Interview: Ellen Allien
Wed, 20 Jun 2007 17:38:43
Ever since the wall tumbled, techno maven Ellen Allien has been igniting Berlin's booming electronic music scene, fostering diverse talent through her label Bpitch Control and churning out acclaimed solo albums like 2003's electropop gem Berlinette and 2005's minimal masterpiece Thrills. In 2006, the fab fräulein further upped her game, collaborating with soundscape architect Apparat on the turbo-charged epic Orchestra of Bubbles.
This year, Allien put her venerable DJ skills to work, mixing the latest installment, Fabric 34, in the London megaclub's esteemed CD series. The Berlin vet took a break from her busy touring schedule, record label duties and fashion design work to talk techno with ARTISTdirect.
Over the years Fabric has built up an extensive back catalogue of talented DJs. Your mix really stands out; it's dark but also dewy and swelling with energy. What did you want to bring to the table with your mix?
I did the mix the way I would DJ in a club. It's a very emotional mix. I used records that didn't leave my record bag last year and mixed them with brand new stuff. It's between minimal, house, emo tech, indie songs and IDM. I am always trying to transfer emotions in my sets without having to play stupid chart-breaker hits.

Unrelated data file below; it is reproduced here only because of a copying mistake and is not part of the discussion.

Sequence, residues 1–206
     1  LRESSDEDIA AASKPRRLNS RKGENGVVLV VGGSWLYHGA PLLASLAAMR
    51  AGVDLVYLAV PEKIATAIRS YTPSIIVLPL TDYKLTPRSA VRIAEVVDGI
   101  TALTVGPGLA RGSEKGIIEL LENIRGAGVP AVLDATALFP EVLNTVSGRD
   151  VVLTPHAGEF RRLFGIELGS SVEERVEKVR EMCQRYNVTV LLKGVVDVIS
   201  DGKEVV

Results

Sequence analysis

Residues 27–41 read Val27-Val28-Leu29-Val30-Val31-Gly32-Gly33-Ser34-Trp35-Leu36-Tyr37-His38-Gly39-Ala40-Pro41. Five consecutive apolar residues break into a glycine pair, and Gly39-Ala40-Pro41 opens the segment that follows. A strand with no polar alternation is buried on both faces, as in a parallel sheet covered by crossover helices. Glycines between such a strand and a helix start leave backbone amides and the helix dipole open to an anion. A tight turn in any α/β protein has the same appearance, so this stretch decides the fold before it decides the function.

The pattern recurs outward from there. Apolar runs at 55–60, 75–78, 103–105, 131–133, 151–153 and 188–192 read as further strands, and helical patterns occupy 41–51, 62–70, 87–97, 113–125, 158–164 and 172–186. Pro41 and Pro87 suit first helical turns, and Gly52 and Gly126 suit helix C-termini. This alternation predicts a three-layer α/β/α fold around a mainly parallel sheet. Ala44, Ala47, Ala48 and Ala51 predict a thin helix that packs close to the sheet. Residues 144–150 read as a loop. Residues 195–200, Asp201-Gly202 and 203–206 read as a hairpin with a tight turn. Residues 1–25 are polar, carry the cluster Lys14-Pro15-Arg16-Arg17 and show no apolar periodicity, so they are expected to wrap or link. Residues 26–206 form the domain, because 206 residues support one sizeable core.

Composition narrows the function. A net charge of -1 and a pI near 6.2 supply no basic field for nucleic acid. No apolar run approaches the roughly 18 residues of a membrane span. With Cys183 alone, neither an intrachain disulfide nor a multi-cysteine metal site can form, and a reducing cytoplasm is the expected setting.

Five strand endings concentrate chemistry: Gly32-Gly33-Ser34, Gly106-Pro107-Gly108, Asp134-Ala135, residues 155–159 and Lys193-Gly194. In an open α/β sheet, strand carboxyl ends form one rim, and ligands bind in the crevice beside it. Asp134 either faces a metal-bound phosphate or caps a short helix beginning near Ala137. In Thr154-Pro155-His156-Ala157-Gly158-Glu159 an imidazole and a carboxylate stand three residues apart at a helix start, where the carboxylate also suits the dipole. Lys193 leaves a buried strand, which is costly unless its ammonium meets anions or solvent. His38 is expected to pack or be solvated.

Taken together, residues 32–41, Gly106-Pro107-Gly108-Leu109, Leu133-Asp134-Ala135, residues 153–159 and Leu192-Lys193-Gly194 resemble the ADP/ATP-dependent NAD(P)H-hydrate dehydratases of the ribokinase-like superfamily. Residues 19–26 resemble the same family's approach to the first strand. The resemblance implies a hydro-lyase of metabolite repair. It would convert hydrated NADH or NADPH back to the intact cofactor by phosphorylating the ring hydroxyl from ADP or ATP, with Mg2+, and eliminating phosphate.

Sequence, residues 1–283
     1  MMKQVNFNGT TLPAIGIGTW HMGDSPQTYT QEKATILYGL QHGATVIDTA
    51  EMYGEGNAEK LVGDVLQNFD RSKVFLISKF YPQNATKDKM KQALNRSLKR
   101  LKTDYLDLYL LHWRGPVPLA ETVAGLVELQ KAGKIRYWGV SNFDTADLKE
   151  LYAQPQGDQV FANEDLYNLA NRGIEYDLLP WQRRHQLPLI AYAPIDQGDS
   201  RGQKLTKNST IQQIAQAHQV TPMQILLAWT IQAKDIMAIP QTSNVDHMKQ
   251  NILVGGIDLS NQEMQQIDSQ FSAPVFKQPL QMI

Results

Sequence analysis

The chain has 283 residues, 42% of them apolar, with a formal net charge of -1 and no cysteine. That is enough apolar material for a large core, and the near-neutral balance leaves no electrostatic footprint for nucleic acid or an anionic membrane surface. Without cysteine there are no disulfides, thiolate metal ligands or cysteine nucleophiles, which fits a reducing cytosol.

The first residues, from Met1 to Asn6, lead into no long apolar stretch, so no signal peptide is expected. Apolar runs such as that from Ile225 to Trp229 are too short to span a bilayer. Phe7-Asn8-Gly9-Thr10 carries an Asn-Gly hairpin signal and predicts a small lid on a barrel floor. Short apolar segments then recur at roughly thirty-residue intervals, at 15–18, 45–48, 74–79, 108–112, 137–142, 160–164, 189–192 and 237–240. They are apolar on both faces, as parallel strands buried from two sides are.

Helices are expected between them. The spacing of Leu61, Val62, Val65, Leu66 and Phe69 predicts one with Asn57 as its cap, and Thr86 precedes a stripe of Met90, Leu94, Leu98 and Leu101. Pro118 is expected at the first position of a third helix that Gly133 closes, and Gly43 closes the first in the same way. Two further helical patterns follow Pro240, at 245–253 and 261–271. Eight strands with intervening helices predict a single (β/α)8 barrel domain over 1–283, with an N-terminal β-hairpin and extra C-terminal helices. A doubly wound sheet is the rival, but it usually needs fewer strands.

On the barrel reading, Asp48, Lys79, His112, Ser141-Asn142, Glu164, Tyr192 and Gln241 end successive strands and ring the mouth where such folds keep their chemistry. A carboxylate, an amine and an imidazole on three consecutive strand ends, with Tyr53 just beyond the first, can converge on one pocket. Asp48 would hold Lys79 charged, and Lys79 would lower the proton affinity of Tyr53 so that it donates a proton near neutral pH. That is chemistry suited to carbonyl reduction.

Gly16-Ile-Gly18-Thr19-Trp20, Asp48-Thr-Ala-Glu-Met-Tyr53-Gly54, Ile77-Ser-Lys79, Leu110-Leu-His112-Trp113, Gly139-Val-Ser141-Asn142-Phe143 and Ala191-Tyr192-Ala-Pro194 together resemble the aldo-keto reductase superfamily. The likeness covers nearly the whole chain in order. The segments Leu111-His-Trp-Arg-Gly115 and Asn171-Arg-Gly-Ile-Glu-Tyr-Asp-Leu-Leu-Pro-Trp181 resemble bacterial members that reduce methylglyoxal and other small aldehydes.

Fabric 34 is comprised of your favorite records from this past year. Why did you choose to only use new tracks?
The mix reflects my sets right now. I buy a lot of new records these days; it's always fun for me to be in my favorite record store and listen to new stuff. There are a lot of good producers right now, and a lot of good dance tracks. I love to dance!
These days, it seems like DJs only use cutting-edge technology to create their music, but Fabric 34 is an analog set, one that you mixed by hand. Why was it important to you to stick to the basics?
Well, I think the sound is warmer when it's an analog mix. It doesn't have to be perfectly cut. I love when tracks fade into each other. A lot of digital mixes sound too cold to me. The technology definitely changes the style of DJing. I am also mixing analog while I DJ, so I wanted to do the Fabric mix analog as well. I wanted to really show my DJ style.
Where did you record the mix? What was the atmosphere?
I recorded it at home, when I came back from a gig. I only mixed it once. I already played some of the tracks I planned on for the mix at some of my sets to see how they work. And now I can just put the CD in and have a drink when I DJ. [laughs]
How does an 80-minute CD mix translate the energy of your famously epic DJ sets?
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